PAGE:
You know the type. They’re unmotivated, turn down new projects and work on crossword puzzles during meetings (here’s to you, Stanley Hudson). They only attend work events when there’s free food. They’re disgruntled employees.
Every company has at least one of these. In fact, unhappy employees outnumber happy employees two to one. While many of these employees simply check out and resemble the Walking Dead shuffling to the coffee machine and then back 3-4 times a day, other employees have more sinister motives.
43% of data breaches are caused by an insider threat, half of which are intentional. Employees harboring a grudge can pose a massive risk to your company’s data. They can share sensitive data with rival companies, delete or modify files, or even block access to the network depending on their authorization level and privileges. Learn how you can keep disgruntled employees from sabotaging your business:
1) Disable accounts
You know that famous scene in Titanic where Leonardo DiCaprio is clinging to the door floating in the ocean, and Kate Winslet says, “I’ll never let go, Jack”? And, then she does the exact opposite, and lets go.
Your company can learn from this tearjerker scene (no, I’m not crying; I have something in my eye). As soon as an employee leaves the company, let them go completely. It doesn’t matter if they left of their own accord, you parted ways amicably and you meet every week for Quizzo. Even if you’re the best of buddies, it’s still in your best interest to sever all digital ties and disable any of their work accounts.
You never know when things may turn sour, and suddenly you have your own personal Hamlet hungry for revenge and ready to misuse your business’s sensitive data. Mitigate risks by revoking access to your VPN, cloud-based storage (Google Drive, Dropbox), and other cloud-based tools such as Salesforce or Paypal.
2) Monitor user behavior
Monitoring user activity is critical to ensuring data security, especially in an increasingly bring your own device era. By adopting network monitoring tools or software, employers can look out for any suspicious activity such as multiple failed logins, data tampering, bulk file copying or mass file deletion.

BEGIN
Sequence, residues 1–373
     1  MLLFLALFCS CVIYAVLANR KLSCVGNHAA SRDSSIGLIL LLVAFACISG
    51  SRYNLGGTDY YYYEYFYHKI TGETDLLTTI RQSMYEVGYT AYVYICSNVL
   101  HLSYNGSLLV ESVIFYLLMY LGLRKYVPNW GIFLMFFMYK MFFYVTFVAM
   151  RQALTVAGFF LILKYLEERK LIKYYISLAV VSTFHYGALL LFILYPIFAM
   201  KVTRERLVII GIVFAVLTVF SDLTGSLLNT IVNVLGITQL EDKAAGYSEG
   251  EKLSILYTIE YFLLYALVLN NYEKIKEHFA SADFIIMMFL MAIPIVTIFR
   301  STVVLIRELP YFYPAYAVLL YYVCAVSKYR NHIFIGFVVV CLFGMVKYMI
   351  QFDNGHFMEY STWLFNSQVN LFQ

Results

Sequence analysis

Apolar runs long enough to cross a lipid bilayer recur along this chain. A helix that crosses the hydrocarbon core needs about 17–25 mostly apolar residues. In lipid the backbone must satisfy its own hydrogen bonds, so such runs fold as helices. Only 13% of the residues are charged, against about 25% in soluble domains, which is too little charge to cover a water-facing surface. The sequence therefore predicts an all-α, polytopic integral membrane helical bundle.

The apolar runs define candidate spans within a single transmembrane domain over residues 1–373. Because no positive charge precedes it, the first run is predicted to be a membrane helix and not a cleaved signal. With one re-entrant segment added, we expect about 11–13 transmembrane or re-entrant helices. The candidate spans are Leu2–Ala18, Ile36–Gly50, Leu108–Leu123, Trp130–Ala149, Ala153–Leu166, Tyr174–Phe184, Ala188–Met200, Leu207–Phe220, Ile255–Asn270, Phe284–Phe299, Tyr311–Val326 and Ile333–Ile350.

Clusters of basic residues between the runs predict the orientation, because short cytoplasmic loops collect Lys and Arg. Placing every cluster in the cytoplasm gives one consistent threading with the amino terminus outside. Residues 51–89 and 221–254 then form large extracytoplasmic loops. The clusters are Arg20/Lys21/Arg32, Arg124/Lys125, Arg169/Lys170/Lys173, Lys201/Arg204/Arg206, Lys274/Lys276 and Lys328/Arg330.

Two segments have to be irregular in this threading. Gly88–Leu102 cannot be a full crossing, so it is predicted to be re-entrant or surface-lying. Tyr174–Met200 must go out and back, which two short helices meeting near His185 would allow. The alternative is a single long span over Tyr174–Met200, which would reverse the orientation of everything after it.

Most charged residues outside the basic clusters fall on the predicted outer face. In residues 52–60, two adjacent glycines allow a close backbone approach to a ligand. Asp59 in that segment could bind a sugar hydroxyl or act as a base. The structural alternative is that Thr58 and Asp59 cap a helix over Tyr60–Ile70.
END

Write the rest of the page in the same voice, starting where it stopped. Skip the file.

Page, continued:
Avoid going overboard with your employee monitoring. If you’re watching their every move, employees may start thinking of you as Big Brother rather than the cool boss who buys everyone danishes on Fridays.
3) Control data access
Does every employee really need access to your customers’ contact and billing information? We’re going to hazard a guess and say no.
Closely monitor your employees’ access to information and adjust privileges as necessary. Prevent employees from accessing data that has no relevance to their work responsibilities. Be very selective about who receives admin access. Only give these privileges to a small, well-trusted group of employees.
4) Frequently backup data
The best way to protect your data from disgruntled employees is regular backups. Now, we’re not talking about an external hard drive hidden under your mattress (no, that’s not where I keep my backed up data. Why do you ask?). We mean the real deal.
By implementing a comprehensive backup and recovery solution, you protect your business against not only outside, but inside threats. If an ex-employee happens to delete sensitive information, you can easily and quickly restore data and avoid the high costs of downtime and data loss.
Now, you may be asking yourself, how can I develop a data recovery solution that works for my business? Or, you may be wondering, couldn’t both Jack and Rose fit on the door?
I can’t confidently answer the latter, but I can answer the former. Learn how we helped Allies Healthcare develop a data recovery solution customized to their unique requirements by reading our case study below.